Generals Are Marching but Soldiers Are Deserting

Apurva Sheth

Baahubali is the best movie franchise the Indian film industry has ever produced. The two-part movie is a visual extravaganza. I loved both parts - The Beginning and The Conclusion. But one moment from the first part stands out.

An army of savages known as the Kalkeyas attack the Mahishmati kingdom. The Mahishmati army is led by Amarendra and Bhallaladeva.

Though small, the Mahishmati army gives a tough fight to the Kalkeyas. However, at one point, the Kalkeyas take charge and frighten them off with their gruesome killing.

Just when it seems that Mahishmati would be defeated, Amarendra inspires his soldiers to fight back and they end up crushing the enemy.

In war, generals can't march alone and expect to win. Amarendra knew he needed his soldiers to bring the enemy to their knees.

What if he had gone alone to fight the Kalkeya king? Would he have succeeded?

Well, perhaps in a movie one man could kill a whole army. But what about real life? Would the results be same?

No, of course not.

In a real war, generals marching forward while the soldiers desert would be a prelude to disaster.

In the stock market, it's much the same.

Let's say the stock market is a battle between two armies - the green army (bulls) and the red army (bears). The aim of green army is to move northwards. The red army wants to resist their advance and move southwards.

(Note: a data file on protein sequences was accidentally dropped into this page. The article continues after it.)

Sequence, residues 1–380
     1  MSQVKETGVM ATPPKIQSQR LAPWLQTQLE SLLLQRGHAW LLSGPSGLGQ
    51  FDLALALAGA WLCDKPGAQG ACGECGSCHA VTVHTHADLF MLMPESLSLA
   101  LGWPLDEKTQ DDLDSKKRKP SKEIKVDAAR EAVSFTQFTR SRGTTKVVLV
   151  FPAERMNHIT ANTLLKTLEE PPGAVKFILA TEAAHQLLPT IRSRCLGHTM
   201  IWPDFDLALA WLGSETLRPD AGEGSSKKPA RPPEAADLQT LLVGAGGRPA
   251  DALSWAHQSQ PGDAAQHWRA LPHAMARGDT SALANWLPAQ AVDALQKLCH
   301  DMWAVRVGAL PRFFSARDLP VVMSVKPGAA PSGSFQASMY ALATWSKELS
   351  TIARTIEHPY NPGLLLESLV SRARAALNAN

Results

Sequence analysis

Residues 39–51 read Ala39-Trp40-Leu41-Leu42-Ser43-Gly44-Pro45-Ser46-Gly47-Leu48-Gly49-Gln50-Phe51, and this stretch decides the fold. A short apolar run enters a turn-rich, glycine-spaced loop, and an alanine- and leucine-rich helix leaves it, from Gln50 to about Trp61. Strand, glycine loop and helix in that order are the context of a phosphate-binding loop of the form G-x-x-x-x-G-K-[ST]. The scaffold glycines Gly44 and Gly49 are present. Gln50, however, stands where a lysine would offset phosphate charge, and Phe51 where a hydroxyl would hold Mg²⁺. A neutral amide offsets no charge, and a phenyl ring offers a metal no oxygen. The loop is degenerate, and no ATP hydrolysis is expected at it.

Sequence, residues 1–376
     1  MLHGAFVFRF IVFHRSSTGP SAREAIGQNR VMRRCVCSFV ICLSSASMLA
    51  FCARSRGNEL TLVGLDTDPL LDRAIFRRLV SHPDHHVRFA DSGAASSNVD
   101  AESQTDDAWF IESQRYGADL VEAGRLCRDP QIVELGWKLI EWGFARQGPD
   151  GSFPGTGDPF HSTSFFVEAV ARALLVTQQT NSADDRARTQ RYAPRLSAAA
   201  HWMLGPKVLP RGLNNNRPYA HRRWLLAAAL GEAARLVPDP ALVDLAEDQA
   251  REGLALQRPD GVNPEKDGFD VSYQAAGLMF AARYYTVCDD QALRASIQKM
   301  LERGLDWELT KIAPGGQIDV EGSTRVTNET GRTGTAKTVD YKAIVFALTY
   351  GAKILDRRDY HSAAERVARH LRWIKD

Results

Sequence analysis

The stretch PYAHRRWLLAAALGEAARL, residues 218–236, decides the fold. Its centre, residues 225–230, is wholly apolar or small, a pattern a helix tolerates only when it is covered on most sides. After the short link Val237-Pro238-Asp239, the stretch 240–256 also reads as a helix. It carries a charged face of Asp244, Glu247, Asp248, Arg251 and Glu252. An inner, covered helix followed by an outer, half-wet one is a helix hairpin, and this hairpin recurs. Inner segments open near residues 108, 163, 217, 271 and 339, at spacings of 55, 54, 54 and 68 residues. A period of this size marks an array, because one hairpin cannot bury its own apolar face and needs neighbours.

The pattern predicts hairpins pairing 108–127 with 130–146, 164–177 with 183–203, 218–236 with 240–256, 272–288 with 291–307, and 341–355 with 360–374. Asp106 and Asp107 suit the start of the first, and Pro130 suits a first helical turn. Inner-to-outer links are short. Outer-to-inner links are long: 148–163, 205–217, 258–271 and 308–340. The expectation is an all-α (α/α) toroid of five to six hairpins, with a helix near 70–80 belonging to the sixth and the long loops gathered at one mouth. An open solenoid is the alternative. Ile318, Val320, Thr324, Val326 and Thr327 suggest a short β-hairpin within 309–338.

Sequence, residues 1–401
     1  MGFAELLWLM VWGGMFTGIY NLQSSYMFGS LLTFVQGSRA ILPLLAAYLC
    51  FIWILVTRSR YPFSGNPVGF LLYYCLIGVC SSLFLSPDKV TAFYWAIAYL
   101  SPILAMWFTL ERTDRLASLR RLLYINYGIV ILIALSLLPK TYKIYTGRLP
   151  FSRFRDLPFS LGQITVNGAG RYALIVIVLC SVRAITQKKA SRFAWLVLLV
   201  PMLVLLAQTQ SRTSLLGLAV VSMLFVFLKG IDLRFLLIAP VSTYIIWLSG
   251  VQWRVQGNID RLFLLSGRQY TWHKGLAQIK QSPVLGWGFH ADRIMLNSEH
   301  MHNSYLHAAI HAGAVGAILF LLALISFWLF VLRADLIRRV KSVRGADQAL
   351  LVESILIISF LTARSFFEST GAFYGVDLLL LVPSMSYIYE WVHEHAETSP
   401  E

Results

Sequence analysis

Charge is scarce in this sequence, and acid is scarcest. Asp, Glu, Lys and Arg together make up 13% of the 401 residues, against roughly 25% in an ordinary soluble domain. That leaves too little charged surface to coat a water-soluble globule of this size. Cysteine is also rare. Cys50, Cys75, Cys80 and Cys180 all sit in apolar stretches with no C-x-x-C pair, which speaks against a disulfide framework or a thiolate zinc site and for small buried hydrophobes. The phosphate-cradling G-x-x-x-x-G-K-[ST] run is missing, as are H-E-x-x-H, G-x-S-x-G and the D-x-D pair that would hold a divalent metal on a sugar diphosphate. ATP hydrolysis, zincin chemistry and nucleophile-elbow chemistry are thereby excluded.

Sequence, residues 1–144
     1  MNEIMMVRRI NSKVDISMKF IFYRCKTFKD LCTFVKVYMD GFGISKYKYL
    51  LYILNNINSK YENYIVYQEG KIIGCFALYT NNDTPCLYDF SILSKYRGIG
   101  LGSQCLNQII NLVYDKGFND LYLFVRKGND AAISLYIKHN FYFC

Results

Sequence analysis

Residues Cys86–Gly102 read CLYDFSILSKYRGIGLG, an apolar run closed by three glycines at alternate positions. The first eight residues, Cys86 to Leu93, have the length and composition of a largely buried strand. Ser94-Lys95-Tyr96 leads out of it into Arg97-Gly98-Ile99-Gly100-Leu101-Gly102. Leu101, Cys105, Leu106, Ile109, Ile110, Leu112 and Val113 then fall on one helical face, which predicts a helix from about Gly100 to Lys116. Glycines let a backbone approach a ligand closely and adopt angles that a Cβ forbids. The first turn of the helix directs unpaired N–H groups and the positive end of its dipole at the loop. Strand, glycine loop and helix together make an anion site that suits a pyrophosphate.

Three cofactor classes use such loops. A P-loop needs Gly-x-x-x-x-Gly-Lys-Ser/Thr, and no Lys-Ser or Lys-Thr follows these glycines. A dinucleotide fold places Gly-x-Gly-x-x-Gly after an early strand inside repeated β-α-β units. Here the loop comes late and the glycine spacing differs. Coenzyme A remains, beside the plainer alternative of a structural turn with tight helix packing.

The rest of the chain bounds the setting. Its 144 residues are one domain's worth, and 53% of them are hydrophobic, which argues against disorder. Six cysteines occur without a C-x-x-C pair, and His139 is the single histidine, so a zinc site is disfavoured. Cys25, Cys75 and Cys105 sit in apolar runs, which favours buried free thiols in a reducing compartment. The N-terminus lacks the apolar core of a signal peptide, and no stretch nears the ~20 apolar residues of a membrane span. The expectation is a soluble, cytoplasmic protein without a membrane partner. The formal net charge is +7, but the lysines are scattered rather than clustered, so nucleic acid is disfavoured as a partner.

The generals of the green army are the mid and large-cap heavyweights that drive the Nifty and Sensex. The soldiers of the green army are the mid and small-cap stocks that do not find a place in the benchmark indices but still participate in the war.

Generally, the more soldiers participating in a northward march, the stronger the army. Similarly, a market uptrend is considered strong when a large number of stocks from the broader markets hits new highs.

Now, let me show you how the markets are currently marching. This chart depicts stocks hitting new 52-week highs and lows.

Broader Market Participation
Broader Market Participation

The black line is the Nifty Index. The green bars are the number of broader market stocks hitting new highs while the red bars are the number of stocks hitting new lows on a particular day.